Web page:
Money Wellness
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category iconmoney booster
calendar icon30 Jun 2023

Are you inline for a Direct Line payout?

The Financial Conduit Authority (FCA) has ordered Direct Line to go back through the past five years of vehicle insurance claims. This comes after the insurer admitted it had underpaid some car and van insurance customers when their vehicles were scrapped.

Direct Line, one of the UK’s largest insurers with five million customers, said it’s working to identify everyone affected between September 2017 and August 2022.

The move comes after the FCA announced in December last year it had seen evidence that certain motor insurance companies had been paying out lower than market value to customers.


What to do if you think you’ve been affected

You don’t need to do anything - Direct Line has said it’ll be in touch with any customers who have been affected.

But it insisted that only a minority of customer are likely to get compensation as the vast majority won’t have been impacted.

If you are one of the affected customers, you’ll receive compensation plus interest. We don’t yet know when or how much you’re likely to be paid.  


Making a complaint about your insurer

You should first check what you want to complain about is covered by your insurance policy.

If it is, write to your insurer explaining what you’re unhappy about and what you would like them to do about it. Send any letters by recorded delivery and keep a copy for your own records. Make sure you give your insurer time to respond.

If you’re not satisfied with your insurer’s reply, you can make a formal complaint using your insurer’s complaints process. To find out how the complaints process works, check your policy documents or your insurer’s website.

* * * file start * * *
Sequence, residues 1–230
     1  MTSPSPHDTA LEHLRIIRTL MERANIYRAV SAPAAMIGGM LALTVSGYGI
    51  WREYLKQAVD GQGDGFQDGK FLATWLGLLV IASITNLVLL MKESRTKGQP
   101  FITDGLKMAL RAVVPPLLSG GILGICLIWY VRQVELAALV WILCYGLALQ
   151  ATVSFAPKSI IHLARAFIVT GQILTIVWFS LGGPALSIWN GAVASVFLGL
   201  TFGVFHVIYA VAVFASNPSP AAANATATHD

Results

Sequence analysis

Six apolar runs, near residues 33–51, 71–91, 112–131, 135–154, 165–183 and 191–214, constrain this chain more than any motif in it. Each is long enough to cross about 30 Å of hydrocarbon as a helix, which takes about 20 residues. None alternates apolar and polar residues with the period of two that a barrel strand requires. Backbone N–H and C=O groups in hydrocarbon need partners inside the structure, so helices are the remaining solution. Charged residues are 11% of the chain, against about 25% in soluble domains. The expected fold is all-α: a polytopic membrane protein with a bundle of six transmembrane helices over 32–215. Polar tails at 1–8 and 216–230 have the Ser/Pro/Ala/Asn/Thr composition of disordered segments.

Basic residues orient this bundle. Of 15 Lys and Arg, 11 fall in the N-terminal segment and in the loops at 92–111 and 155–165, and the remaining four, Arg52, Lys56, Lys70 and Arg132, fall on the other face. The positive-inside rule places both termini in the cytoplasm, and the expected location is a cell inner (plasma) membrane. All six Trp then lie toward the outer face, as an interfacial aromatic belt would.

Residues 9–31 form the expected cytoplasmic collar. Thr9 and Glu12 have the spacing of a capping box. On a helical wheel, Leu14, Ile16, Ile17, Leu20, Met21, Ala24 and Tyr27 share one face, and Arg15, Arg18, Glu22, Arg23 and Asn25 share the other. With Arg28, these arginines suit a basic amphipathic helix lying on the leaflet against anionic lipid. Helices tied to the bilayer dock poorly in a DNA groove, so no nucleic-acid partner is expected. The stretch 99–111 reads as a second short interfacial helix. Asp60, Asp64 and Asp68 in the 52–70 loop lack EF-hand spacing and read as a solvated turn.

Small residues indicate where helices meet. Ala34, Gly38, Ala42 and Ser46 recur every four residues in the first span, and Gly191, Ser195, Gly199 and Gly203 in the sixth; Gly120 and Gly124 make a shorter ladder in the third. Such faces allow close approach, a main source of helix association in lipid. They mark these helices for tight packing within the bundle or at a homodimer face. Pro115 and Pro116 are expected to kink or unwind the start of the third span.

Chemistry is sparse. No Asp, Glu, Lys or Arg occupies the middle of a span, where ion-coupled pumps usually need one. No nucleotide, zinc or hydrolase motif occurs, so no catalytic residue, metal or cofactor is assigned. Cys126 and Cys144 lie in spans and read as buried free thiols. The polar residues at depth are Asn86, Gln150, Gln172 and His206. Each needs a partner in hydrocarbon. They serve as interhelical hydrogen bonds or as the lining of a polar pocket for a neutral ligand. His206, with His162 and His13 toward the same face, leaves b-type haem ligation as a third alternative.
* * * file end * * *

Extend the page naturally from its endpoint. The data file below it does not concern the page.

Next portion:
If you’re not satisfied with the outcome of the formal complaint, you could take further action with the help of the Financial Ombudsman Service.


How the Financial Ombudsman Service can help?

All insurers are regulated by financial watchdog the FCA. This means if you have a complaint about an insurer, you’re entitled to take it to the Financial Ombudsman Service. This is a free service that’s available to you if you’ve already followed your insurer’s complaints process.

The Financial Ombudsman Service uses mediation to sort out your complaint. If this doesn’t work, they will begin a formal investigation.

The final decision given at the end of the investigation is legally binding for your insurer, meaning they will have to stick to the decision made by the ombudsman.

If you disagree with the ombudsman’s findings, you’re entitled to take your case to court.

Court is costly and should be only used as a last resort. Also, bear in mind that the court will take into account any decision that’s already been made by the ombudsman.


How long do you have to make a complaint to the ombudsman?

You must take your complaint to the ombudsman within:

  • six months of receiving a final response from your insurer
  • six years of the event you’re complaining about or three years from when you knew, or should have reasonably known, you had a reason to complain

If you’re outside these limits, you can still refer a complaint to the ombudsman. They may choose to investigate your complaint if your insurer doesn’t object. If they do object because the time limit has passed, the ombudsman won’t get involved.

Avatar of Caroline Chell

Caroline Chell

Caroline has worked in financial communications for more than 10 years, writing content on subjects such as pensions, mortgages, loans and credit cards, as well as stockbroking and investment advice.

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